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Former Louisville Detective Charged with Misconduct

By Innocence Staff

Keith Hardin and Jeffrey Clark were wrongfully convicted in 1995 and spent more than 20 years in prison for a crime they didn't commit. They were exonerated in February 2018. Photo: Maggie Huber.

Yesterday, a Jefferson County grand jury indicted former Louisville detective Mark Handy, who worked on the cases of at least three innocent men who were wrongly convicted. Handy was charged with one count of perjury for providing false testimony in the case of Edwin Chandler and another count of tampering with evidence in the case of Keith West.

“This has been a long time coming,” West told WAVE 3 News. “Det. Handy now has to answer to the wrongs he has committed.”

In 2009, Edwin Chandler was exonerated of murder after spending nine years in prison. Chandler claims Handy coerced a confession from him by threatening to arrest his sister. It was also discovered that Handy taped over a surveillance video that may have revealed the actual perpetrator.

Related: Kentucky Judge Dismisses 1992 Murder Indictments of Two Men Based on New DNA Testing and Evidence of Police Misconduct

“I hope that a jury will convict Handy and that he has the opportunity to experience what Edwin Chandler experienced behind bars,” Councilwoman Jessica Green told the Louisville Courier Journal.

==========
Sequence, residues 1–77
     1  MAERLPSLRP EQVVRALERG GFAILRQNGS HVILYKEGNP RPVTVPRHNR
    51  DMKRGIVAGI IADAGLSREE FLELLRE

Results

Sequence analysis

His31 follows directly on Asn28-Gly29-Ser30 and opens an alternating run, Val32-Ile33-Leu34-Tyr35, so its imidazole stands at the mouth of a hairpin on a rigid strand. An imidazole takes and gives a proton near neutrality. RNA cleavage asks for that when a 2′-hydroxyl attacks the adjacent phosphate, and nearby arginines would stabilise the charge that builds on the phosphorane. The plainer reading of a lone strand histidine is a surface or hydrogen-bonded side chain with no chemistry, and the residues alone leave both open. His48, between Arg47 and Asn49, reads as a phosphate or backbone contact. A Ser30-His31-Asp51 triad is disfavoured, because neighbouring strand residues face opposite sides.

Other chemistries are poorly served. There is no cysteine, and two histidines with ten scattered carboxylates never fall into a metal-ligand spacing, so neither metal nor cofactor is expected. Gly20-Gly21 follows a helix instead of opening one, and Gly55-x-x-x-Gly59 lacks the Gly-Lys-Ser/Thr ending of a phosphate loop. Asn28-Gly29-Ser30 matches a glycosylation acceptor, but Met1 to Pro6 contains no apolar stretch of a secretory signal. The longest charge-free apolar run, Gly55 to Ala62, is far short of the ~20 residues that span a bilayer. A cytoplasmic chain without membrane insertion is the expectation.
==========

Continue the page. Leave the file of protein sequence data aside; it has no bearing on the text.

Keith West was incarcerated for almost seven years for the murders of two men he maintained he killed in self-defense when they allegedly attempted to kidnap and rape him. West claims Handy taped over a witness statement and failed to disclose exculpatory evidence found in the car where West said he was kidnapped.

Handy was also the lead detective in the cases of Garr Keith Hardin and Jeffrey Dewayne Clark, who were wrongfully convicted of murder in 1995. Prosecutors relied on Handy’s sworn testimony that Hardin told him he killed animals as a Satanic ritual and wanted to move on to human sacrifices—statements that Hardin has adamantly denied making.

Related: Detective at the Center of Wrongful Convictions of Keith Hardin and Jeffrey Clark Retires

In 2016, a judge ruled that Handy’s testimony was not credible, referencing his misconduct in the Chandler case, and thereby granted Hardin and Clark a new trial. Hardin and Clark were officially exonerated in February 2018.

According to special prosecutor Shane Young, Handy will be arraigned on October 22. Both of the charges Handy faces are felonies and punishable up to five years in prison.

Read the full story on the Louisville Courier here.

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